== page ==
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The Impacts of Lesser Developed Countries on Southern Region Agricultural Exports


  • Marchant, Mary A.
  • Ruppel, Fred J.


Lesser developed countries (LDCs) serve as both customers and competitors for agricultural commodities produced in the Southern region of the United States. This paper focuses on the impacts of LDCs on exports of the major agricultural commodities produced in the South (cotton, rice, tobacco, poultry, and, to a lesser extent, citrus and peanuts). First the importance of LDCs as export markets for Southern commodities is explored. Then the role LDCs play as producers and exporters of these commodities is considered. Finally, these separate roles are combined into an index of LDC competitiveness with Southern agricultural commodities. Data analysis shows that Southern agricultural interests truly are divided over the role LDCs play in Southern agriculture, where poultry and rice rank highest, and peanuts lowest, in terms of a LDC markets/competition index. Thus, it is not surprising that calls for protectionism (e.g., the Bumpers' Amendment) should arise from the South.

Suggested Citation

  • Marchant, Mary A. & Ruppel, Fred J., 1993. "The Impacts of Lesser Developed Countries on Southern Region Agricultural Exports," Agricultural and Resource Economics Review, Cambridge University Press, vol. 22(1), pages 71-87, April.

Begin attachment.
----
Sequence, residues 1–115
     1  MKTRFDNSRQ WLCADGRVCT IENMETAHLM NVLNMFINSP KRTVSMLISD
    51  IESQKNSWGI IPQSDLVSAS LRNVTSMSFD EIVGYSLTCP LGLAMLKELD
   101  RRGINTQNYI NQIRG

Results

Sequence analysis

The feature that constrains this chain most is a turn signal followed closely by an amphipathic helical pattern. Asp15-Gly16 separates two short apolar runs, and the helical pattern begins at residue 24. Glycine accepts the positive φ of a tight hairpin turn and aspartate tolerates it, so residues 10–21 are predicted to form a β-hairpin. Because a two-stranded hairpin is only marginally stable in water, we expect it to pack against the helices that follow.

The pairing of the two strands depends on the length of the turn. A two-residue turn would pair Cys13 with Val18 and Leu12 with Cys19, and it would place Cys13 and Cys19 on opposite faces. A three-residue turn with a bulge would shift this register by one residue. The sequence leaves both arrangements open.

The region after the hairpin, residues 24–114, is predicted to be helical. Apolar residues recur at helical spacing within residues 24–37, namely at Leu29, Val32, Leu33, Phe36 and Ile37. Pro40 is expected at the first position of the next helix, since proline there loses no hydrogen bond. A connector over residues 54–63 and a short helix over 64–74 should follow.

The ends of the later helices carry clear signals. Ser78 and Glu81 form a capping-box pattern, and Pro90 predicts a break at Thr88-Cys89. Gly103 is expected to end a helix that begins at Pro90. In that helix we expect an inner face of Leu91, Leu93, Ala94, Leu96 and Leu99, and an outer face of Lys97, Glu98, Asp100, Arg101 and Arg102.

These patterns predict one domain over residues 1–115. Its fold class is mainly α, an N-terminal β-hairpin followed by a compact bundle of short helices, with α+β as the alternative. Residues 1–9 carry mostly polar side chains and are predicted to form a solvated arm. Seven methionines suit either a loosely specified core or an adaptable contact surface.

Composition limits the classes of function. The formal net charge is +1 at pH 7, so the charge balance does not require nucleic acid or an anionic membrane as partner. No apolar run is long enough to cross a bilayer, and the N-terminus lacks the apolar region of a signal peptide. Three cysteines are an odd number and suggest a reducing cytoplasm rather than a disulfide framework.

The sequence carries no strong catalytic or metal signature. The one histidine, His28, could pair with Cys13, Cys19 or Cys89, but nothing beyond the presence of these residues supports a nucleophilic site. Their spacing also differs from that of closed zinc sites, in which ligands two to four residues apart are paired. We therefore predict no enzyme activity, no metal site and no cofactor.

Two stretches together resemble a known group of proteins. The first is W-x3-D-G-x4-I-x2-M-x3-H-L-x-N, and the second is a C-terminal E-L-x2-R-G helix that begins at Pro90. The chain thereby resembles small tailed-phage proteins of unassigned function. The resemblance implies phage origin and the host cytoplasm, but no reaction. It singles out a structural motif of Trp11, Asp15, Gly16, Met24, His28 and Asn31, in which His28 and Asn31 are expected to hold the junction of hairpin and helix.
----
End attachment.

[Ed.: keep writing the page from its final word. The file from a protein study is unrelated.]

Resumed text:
• Handle: RePEc:cup:agrerw:v:22:y:1993:i:01:p:71-87_00

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    References listed on IDEAS

    1. Earl Kellogg & Richard Kodl & Philip Garcia, 1986. "The Effects of Agricultural Growth on Agricultural Imports in Developing Countries," American Journal of Agricultural Economics, Agricultural and Applied Economics Association, vol. 68(5), pages 1347-1352.
    2. Houck, James P., 1986. "Foreign Agricultural Assistance: Ally Or Adversary," Staff Papers 13806, University of Minnesota, Department of Applied Economics.
    3. Shoichi Ito & E. Wesley F. Peterson & Warren R. Grant, 1989. "Rice in Asia: Is It Becoming an Inferior Good?," American Journal of Agricultural Economics, Agricultural and Applied Economics Association, vol. 71(1), pages 32-42.
    4. Tweeten, Luther, 1986. "Impact of Domestic Policy on Comparative Advantage of Agriculture in the South," Journal of Agricultural and Applied Economics, Cambridge University Press, vol. 18(1), pages 67-74, July.
    5. Tweeten, Luther G., 1986. "Impact Of Domestic Policy On Comparative Advantage Of Agriculture In The South," Southern Journal of Agricultural Economics, Southern Agricultural Economics Association, vol. 18(1), pages 1-8, July.
    6. Rosson, C. Parr, III, 2012. "C. Parr Rosson," Journal of Agricultural and Applied Economics, Southern Agricultural Economics Association, vol. 44(3), pages 1-2, August.
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    1. Yeboah, Osei-Agyeman & Malik, Mostafa & Thompson, Henry, 2004. "Ftaa And North Carolina: Income Redistribution Across Labor Groups," 2004 Annual meeting, August 1-4, Denver, CO 20380, American Agricultural Economics Association (New Name 2008: Agricultural and Applied Economics Association).

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